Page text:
The King lives on!

Blues fans all across the world are still mourning the passing of B.B. King. Such a strange feeling, when someone larger than life passes on. Most of us never knew or met the man. But he spoke to us – through his music.

I bet you can find the King’s influence in the music of many artists across the different genres: pop, R&B, hip hop and rock music – and without a doubt in the offerings of a wide variety of blues artists who grew up on his music. Though his guitar playing was never technically brilliant, B.B. King’s songs are all heart. Feeling. Soulful substance over form. Impossible to copy. The stuff myths are made of. Why else would guitar players, with more technical finesse, try to copy his simple style over the years? Stop reading – go put on some B.B. King right now – close your eyes and just feel the music.

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Goose pimples, right? Such a typical human trait though. We don’t know what we have until it’s gone. Eric Clapton’s short but heartfelt video clip on his facebook page – the morning after the King died – made me realise that the spirit of the blues feigned immeasurably when he left the planet. God, I wish I could’ve put the brakes on death. For the King’s family and friends mostly. That’s why we get the blues, man. When inevitability brings you to your knees. All you can do is turn up the music and throw yourself at the loss, the pain, the heartache or whatever makes you blue. Not because you love being blue. Hell no. But you realise you’re human. You feel it in your soul, find yourself in the moment and the only way through it is to enjoy the good things in life even more. Joy, love, friendship, music, good times…it’s a strange balance…like in the blues songs of old – the worldly things cause us trouble – but the simple things bring us salvation, brothers and sisters. That’s the blues for me, man. Finding balance in this hard old world.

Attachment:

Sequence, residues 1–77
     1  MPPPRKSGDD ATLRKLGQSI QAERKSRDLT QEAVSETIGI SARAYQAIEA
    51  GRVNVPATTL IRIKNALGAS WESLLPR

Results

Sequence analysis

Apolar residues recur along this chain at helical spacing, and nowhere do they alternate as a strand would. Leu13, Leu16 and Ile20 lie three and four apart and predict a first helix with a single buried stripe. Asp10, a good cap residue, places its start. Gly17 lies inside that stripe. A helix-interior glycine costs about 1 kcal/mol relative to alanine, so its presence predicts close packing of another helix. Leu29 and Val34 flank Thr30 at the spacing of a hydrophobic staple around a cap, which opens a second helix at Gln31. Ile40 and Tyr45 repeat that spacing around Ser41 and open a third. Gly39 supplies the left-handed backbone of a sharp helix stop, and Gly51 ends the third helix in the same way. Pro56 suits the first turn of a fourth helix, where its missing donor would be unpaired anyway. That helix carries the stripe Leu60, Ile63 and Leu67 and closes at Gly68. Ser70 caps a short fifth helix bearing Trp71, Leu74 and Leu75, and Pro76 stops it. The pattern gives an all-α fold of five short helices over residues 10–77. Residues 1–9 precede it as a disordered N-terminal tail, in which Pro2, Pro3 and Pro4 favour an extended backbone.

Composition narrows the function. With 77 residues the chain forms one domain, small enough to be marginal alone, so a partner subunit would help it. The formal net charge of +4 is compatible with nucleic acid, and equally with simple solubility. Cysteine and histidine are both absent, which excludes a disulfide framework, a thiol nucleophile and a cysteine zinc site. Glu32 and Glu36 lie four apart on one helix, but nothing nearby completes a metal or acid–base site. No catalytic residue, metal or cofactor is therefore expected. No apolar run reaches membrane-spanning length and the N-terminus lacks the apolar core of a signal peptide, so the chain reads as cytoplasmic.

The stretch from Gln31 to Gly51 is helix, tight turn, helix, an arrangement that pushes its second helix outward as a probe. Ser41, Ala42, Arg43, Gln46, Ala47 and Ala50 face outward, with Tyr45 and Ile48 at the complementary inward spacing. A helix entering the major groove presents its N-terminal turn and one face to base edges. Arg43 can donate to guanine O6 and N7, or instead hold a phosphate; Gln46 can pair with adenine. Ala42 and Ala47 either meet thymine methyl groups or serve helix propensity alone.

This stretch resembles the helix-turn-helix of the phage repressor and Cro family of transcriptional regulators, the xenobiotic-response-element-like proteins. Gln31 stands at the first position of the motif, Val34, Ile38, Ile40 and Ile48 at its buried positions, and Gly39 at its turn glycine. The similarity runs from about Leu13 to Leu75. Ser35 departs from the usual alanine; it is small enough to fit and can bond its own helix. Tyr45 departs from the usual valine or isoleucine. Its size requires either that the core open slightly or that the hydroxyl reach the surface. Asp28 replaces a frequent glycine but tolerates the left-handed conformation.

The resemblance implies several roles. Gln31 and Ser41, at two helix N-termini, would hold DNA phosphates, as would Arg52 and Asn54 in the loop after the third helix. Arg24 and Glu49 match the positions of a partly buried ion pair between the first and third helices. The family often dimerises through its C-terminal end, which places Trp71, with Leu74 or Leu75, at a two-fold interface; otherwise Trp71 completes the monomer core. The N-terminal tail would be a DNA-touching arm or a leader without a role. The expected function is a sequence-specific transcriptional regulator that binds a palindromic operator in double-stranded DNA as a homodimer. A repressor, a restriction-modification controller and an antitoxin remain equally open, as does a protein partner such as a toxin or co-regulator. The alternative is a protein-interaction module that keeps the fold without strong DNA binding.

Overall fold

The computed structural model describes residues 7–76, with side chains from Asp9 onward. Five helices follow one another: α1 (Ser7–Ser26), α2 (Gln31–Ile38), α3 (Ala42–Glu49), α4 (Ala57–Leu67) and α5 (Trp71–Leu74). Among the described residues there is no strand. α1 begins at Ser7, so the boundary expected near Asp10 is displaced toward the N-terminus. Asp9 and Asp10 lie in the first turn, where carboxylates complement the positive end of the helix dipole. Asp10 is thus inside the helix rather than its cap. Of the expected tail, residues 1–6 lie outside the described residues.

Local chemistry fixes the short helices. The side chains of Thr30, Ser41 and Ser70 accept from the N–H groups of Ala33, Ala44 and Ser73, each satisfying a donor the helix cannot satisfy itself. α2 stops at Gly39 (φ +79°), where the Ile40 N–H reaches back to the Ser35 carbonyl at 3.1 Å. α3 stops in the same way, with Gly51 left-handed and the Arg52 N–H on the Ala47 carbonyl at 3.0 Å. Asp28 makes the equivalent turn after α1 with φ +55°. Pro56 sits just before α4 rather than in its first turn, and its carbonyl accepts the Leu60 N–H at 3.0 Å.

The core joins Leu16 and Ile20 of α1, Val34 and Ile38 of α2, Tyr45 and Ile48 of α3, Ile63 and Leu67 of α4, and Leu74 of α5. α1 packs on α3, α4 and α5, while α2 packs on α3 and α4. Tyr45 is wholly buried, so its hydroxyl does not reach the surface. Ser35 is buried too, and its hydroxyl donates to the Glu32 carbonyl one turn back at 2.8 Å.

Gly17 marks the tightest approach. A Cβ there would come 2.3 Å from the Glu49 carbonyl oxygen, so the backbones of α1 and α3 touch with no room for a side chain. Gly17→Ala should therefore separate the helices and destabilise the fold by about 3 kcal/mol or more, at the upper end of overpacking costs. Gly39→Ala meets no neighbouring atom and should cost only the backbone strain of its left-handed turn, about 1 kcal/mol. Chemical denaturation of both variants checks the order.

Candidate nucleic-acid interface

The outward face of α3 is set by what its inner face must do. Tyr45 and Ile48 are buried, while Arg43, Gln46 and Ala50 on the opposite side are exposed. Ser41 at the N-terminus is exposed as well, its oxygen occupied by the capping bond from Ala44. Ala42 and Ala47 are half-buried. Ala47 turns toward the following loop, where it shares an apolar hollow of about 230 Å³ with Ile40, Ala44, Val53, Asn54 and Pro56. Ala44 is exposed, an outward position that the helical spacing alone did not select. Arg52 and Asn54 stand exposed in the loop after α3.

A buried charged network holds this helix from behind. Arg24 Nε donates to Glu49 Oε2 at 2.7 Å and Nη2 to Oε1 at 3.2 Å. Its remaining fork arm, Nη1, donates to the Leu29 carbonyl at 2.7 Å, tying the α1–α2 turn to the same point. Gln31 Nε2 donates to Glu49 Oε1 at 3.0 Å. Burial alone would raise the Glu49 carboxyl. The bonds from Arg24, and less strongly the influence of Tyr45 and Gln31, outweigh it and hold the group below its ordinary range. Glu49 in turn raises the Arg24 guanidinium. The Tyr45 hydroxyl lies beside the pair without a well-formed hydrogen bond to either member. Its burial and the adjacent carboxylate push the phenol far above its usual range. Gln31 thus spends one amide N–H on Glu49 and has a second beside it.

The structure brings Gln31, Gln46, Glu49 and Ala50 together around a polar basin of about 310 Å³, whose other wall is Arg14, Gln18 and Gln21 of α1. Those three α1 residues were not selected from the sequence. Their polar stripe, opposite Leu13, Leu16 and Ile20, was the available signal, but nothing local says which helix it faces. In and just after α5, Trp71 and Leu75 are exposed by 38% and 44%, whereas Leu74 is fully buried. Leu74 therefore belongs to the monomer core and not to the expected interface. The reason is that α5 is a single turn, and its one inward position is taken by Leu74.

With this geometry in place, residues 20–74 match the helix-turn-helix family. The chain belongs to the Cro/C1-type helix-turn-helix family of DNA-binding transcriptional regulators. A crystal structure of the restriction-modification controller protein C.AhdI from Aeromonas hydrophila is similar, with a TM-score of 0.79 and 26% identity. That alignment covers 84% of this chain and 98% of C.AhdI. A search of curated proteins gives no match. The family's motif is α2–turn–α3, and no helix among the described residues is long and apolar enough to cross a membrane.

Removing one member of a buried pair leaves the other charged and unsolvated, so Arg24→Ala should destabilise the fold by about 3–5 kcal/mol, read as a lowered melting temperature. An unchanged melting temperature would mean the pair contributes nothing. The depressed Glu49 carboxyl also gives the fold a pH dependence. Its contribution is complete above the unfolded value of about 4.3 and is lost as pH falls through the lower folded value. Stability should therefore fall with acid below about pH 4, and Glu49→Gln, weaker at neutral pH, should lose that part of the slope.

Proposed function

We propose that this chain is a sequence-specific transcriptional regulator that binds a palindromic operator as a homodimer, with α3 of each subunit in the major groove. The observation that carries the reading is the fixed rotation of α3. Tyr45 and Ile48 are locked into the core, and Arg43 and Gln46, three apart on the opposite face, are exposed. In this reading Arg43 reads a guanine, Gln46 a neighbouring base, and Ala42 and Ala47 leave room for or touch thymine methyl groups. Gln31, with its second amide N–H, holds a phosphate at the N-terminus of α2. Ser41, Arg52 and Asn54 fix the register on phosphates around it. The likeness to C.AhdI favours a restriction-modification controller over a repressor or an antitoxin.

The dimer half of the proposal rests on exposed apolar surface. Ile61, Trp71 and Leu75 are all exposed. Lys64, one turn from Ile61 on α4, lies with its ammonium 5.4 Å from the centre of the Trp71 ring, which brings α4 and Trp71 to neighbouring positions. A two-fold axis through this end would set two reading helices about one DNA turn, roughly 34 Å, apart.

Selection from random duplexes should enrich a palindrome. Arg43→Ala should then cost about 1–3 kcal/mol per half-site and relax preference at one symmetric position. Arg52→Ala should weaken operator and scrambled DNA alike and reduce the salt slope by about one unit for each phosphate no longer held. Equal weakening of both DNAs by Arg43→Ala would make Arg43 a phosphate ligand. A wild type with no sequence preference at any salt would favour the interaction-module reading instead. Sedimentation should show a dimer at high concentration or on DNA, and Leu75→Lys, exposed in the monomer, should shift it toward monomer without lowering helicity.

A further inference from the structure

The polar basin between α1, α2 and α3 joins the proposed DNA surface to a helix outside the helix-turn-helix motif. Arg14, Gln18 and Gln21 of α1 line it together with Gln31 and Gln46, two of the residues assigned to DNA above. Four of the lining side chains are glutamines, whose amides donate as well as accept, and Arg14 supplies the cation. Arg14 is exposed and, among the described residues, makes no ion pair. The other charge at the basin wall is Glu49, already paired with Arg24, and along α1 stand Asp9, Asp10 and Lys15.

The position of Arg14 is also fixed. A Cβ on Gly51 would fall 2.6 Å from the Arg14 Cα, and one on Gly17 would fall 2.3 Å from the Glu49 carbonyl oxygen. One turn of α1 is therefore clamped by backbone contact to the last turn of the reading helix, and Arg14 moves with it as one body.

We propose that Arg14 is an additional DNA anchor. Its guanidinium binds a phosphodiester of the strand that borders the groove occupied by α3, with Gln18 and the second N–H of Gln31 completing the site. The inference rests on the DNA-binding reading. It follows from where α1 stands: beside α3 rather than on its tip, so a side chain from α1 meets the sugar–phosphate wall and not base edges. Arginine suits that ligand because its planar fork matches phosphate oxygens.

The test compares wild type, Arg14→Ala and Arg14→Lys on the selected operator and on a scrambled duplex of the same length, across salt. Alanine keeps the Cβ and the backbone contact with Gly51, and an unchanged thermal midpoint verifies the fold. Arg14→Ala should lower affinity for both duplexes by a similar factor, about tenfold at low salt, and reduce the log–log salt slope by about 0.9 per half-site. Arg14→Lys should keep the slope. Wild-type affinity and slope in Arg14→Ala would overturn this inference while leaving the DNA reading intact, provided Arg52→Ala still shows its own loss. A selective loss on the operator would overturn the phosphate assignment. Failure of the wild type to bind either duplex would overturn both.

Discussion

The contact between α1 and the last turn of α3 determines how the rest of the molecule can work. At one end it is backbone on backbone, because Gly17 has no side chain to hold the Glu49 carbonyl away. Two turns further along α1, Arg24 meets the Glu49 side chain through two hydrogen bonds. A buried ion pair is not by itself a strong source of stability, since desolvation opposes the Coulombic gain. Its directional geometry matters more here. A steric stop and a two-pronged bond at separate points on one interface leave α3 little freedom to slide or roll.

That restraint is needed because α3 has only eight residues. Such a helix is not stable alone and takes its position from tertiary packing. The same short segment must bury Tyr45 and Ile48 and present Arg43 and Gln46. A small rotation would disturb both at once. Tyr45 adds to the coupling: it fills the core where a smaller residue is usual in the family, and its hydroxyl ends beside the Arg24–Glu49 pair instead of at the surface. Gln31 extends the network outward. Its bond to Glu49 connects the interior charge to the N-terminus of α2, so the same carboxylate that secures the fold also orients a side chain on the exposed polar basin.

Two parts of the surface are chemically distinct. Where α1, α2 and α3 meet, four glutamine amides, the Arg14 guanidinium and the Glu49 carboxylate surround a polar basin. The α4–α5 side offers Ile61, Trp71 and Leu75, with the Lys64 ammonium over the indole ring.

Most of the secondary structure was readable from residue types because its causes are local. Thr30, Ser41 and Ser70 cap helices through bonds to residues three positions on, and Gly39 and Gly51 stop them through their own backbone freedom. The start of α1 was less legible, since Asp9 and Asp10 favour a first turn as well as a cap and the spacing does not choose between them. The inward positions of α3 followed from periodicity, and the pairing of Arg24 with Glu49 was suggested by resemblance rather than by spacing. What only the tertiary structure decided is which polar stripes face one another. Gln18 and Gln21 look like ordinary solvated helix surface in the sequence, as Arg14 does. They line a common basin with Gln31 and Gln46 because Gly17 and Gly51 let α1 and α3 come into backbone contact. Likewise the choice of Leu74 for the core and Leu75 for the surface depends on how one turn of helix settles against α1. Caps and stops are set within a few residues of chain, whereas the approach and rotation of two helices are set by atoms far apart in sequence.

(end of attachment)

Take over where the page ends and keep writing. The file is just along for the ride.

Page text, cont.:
The King’s death gave all of us the blues. The worst kind. But his spirit lives on in his vast discography of music, filmed live footage and anything you can lay your hands on or download. Fans can still enjoy every minor pentatonic scale, the notes he immortalised in an “out of key” fashion, his simple but profound lyrics, his regal vocals, and his mere presence and aura on stage. So choose your method of resurrection. Me? You should know my poison by now.